Knowledge of the mechanisms for coordination and regulation of the immune system is an exciting and rapidly advancing frontier in many areas of human health. A better understanding of how the immune system functions, and can be manipulated, will have major implications for many research areas such as improving vaccine development for diseases such as AIDS, influenza, malaria and cancer as well as devising targeted cures for autoimmune diseases and allergy, overcoming immunodeficiencies and preventing tissue rejection following transplantation.

A basic understanding of immunology may complement a number of branches of the biomedical sciences such as microbiology, pathology, biochemistry and stem cell biology.

Learning outcomes

Graduates will be able to:

  • define and describe the principle features associated with the structure, development and function of the immune system through theoretical and practical based knowledge
  • define the physical, cellular and molecular processes associated with the development of pathologies exemplified by processes of inflammatory, immunological haematological and neoplastic disorders through theoretical and practical based knowledge
  • demonstrate the role of science and the scientific process in identifying the key questions, issues and challenges associated with Immunology and immunity or human disease and how this can used to design and examine effective solutions, through written or oral based tasks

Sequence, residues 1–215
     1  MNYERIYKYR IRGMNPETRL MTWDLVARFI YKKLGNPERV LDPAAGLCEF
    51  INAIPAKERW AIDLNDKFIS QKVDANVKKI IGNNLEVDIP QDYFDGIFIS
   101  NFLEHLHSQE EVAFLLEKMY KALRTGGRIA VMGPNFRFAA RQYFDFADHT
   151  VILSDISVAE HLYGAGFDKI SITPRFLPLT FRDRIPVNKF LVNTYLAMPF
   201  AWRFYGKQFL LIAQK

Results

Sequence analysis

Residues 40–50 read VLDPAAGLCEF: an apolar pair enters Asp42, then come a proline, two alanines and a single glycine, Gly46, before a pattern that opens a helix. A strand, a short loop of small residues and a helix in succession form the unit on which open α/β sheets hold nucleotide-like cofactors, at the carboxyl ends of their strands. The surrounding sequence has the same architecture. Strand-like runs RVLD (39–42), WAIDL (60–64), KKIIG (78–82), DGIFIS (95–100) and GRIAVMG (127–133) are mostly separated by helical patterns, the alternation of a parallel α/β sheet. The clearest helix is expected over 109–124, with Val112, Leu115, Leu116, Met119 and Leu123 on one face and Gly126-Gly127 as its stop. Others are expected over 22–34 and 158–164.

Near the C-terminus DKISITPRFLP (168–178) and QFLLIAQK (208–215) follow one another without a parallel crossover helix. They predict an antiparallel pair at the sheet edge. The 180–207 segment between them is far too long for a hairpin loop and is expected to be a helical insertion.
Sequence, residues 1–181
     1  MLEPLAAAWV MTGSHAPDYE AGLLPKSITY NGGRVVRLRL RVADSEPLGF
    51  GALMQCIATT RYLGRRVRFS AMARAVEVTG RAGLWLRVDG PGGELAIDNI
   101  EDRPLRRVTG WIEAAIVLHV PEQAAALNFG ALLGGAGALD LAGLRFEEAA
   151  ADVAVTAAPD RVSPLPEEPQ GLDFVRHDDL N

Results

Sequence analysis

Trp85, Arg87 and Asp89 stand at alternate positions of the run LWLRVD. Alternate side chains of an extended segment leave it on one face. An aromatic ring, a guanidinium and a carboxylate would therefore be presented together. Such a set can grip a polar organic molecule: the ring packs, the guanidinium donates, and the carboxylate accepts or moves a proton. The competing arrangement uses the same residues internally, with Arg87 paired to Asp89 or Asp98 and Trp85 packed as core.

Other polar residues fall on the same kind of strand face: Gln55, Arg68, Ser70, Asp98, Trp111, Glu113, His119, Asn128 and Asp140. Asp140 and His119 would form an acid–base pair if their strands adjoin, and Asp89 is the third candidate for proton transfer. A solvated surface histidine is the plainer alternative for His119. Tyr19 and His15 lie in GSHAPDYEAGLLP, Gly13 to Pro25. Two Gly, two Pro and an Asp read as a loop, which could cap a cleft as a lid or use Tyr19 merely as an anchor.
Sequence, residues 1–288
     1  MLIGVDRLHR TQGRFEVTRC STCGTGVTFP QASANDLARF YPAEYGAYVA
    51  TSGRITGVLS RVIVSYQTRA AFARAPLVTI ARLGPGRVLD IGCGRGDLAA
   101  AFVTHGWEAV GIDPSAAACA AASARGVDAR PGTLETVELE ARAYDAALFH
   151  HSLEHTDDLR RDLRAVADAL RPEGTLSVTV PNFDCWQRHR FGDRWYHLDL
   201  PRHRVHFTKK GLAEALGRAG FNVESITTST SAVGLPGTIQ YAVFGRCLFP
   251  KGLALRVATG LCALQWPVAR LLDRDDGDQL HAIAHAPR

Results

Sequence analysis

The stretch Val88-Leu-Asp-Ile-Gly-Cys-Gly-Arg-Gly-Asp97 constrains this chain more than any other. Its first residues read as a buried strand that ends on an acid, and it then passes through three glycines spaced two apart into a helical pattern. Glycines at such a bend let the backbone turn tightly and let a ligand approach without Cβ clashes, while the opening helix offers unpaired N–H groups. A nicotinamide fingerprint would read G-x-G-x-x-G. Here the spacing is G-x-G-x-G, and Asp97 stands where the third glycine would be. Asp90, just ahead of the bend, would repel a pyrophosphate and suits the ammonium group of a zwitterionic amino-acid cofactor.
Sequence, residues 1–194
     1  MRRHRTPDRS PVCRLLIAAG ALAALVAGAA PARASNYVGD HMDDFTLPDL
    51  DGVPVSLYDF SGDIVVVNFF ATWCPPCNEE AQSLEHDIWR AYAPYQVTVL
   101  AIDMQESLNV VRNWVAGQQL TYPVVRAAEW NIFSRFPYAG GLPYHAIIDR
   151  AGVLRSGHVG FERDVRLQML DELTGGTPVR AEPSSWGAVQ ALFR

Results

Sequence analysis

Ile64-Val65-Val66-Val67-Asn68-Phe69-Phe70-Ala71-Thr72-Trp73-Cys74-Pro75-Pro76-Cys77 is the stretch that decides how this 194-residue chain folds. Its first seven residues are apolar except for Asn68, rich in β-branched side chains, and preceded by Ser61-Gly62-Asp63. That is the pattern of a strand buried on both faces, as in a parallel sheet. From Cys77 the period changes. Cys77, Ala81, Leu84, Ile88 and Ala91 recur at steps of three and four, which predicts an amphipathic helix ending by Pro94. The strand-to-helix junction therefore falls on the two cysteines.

• collect, evaluate and integrate information drawn from a range of sources to generate written and oral outputs that highlight the importance of understanding immunity and human pathology to benefit both human knowledge and health
  • generate, evaluate, interpret and assemble scientific data and information generated through tutorial, practical or mini-project based tasks to compose written and oral reports based on immunological or pathological principles or current research laboratory activities
  • identify and gather information on key immunological or human pathological concepts to compare, evaluate, criticise and contrast and present as an independent written piece or oral presentation to peers
  • demonstrate effective and constructive participation in small group activities in both practical and tutorial-based classes aimed at completing a defined written and/or oral task
  • demonstrate through written, oral or interactive exercises an awareness and development of professional and social responsibilities associated with their ability of utilising knowledge and training towards developing a better world.

Units

Level two

  • IMM2011 Basic immunology: The body's defence system
  • IMM2022 Immunology in health and disease

Level three

  • HUP3011 Human pathology 1: Understanding disease processes
  • HUP3022 Human pathology 2: Pathology of human diseases
  • HUP3990 Human pathology in action research project
  • IMM3031 Molecular and cellular immunology
  • IMM3042 Clinical immunopathology
  • IMM3051 Principles of applied immunology
  • IMM3062 Clinical and research laboratory immunology